Six Principles of Successful Leadership

Rising to a leadership position (CEO, Sr. Executive, General Manager, VP, etc.) is a highly sought objective for many in key management and contributor positions.  Many get there as a result of hard work, significant accomplishments, demonstrated ability and successful track record.

An important part of a successful transition into this new role is the recognition that they need to help others reach the success that prompted their promotion.   However, many overlook and avoid this important responsibility of their new position. Consequently they just work harder to do what they did to get there instead of mentoring, coaching and developing others to improve their performance – freeing them to address the true leadership responsibilities.

Here are a number of principles that will have a significant impact on your performance in a leadership position if executed properly.

Work Smarter – Not Harder
It is easy to fall into the trap of just working harder.  It is easy to take on additional responsibilities as an example of what you are willing to do to demonstrate that you have “really” earned the new job.  In some organizations there are peers that will take advantage of this “weakness”.  Working harder will saturate your bandwidth with non-value add busy work that should be done by subordinates or by others elsewhere in the company.
Know what is Consuming Your Time
Know how you are using your time each day, week and month.  How much of it is consumed by crisis and tasks that can really be delegated to subordinates?  True, a lot of your time will be devoted to short-term tactical activities.  Recurring (repeating) crisis, however, should be resolved over time.  Someone is not taking responsibility for dealing with the crisis before it becomes a crisis.  A repeating source of crisis is an indication of a subordinate that is in need of some level of assistance and development.
Pedal to the Metal
On occasion you may need to rely upon the skills that propelled you into your senior leadership position.  As step forward and grasp the reigns that others are struggling with do so with an exit plan in mind.  Help the team regain focus, realize its strengths and how to overcome weakness, instill confidence and then step back and return control to the project leadership.
The team should see that they were able to recover and succeed and earn the credit for a job well done with only a minimal of involvement from you.  This is an education process for you and not one to seek credit.
Devote Time and Energy to your Planning Horizon
The key question is how much of each day or week is applied to your planning horizon?  Are the strategies and related tactics still on schedule?  Is your plan still realistic ands believable? Identify what resource issues need to be brought to bear in order to keep priority objectives on target.
Regularly Examine the Performance of Subordinates
Your path to “leadership” success will depend more upon others than the individual performance that may have earned you the title of executive.  Step back and evaluate how your key subordinates are doing.  Are they growing in their jobs or standing still or worse backsliding?  Are they responding to mentor sessions or coaching?  If not you need to schedule time to discuss this with them to bring this to their attention.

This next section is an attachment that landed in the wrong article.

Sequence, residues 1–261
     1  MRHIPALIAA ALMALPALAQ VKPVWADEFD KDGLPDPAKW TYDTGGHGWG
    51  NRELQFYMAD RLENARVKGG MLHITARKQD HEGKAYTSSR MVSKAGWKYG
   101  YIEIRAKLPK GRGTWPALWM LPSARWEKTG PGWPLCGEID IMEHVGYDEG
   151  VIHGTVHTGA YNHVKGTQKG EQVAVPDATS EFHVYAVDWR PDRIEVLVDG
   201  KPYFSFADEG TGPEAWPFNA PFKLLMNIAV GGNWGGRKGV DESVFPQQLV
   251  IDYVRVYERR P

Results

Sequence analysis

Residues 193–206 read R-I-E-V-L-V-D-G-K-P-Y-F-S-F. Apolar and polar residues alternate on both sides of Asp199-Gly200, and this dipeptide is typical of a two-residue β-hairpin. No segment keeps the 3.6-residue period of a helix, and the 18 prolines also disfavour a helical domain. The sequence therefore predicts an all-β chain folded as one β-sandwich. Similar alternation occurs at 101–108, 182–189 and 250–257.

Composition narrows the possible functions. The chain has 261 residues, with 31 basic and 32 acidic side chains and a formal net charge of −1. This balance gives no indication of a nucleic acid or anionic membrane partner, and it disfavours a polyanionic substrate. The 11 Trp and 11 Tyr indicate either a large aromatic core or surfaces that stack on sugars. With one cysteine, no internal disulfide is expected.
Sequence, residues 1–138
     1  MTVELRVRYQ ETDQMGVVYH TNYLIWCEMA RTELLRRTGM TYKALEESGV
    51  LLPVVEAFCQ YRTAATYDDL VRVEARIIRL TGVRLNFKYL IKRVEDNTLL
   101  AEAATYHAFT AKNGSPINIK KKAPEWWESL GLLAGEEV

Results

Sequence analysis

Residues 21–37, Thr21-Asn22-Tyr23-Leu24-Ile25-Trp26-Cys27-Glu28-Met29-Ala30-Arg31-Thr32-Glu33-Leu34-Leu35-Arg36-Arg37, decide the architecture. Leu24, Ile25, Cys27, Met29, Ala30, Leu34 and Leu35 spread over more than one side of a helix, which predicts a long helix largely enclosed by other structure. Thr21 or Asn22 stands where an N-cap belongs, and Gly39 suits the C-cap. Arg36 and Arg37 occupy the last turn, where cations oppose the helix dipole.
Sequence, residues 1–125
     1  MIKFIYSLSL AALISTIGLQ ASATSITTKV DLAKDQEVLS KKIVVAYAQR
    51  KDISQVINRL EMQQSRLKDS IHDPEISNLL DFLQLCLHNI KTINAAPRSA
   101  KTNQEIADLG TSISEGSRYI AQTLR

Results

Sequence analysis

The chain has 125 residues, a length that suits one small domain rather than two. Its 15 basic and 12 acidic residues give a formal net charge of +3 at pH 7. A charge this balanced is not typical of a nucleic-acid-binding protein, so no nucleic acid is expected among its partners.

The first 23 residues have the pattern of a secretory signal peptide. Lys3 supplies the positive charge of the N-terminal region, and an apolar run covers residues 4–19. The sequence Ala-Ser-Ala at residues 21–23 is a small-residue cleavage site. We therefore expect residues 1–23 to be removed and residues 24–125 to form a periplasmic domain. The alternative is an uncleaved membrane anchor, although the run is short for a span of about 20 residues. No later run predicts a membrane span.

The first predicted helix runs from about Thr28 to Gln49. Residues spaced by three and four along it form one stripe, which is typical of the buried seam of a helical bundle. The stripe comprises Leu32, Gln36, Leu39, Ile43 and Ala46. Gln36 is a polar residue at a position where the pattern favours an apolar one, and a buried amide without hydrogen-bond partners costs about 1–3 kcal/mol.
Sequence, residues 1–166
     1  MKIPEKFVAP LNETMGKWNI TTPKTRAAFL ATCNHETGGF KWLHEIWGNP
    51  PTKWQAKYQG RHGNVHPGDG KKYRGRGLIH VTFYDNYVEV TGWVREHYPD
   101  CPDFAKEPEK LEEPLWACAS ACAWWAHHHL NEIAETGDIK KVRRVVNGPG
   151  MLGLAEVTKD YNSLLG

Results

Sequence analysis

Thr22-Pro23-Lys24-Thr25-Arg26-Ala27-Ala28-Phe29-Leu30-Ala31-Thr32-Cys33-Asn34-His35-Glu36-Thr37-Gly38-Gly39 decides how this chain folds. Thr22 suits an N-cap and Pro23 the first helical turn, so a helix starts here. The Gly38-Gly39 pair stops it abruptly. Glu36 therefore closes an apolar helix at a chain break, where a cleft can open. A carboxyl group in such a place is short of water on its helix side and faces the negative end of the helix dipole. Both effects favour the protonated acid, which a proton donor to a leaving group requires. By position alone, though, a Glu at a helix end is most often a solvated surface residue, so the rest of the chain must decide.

If you are not the best mentor for them then help recruit a mentor for them.  You do not need to do it all.  The key objective is for them to grow even if it involves someone other than you.  Do not protect your people be excluding them from working with an executive or professional outside your control.
Select a Mentor
You may not feel you need a mentor but select a mentor to be a resource for you.  As a member of leadership you will benefit from outside input on various issues that will confront you and alternatives on how to deal with them.  In some companies this might be a recently retired executive from the same company who knows the culture and where the skeletons are hidden.
Executive management is a minefield.  Having an outside perspective help you identify where “some” missteps can occur will help you climb the executive experience curve.  Succeeding as a leader or on a leadership team will require the mastery of skills that most likely were not required in you previous position and may not come naturally to you.  Benefit from someone that has the background and personal relationship that you trust to advise you. They should help you adopt and perfect the necessary skills and behavior to be successful.

As a leader you will take on significant responsibility that can place unreasonable demands upon you.  Do not let these demands consume you.  There are measures you can take that have been listed above to help balance the load and keep urgencies and crisis in perspective.  It is not a job where you are expected to do it all by yourself even though you feel those are the signals you are getting.

Reach out and use others to help you succeed through their own growth and development handling delegated responsibilities.   Succeed as a result of the success of those that work for you.  Devote your self to their success and preserve the time and energy necessary to accomplish the long-term goals and objectives that your position carries.

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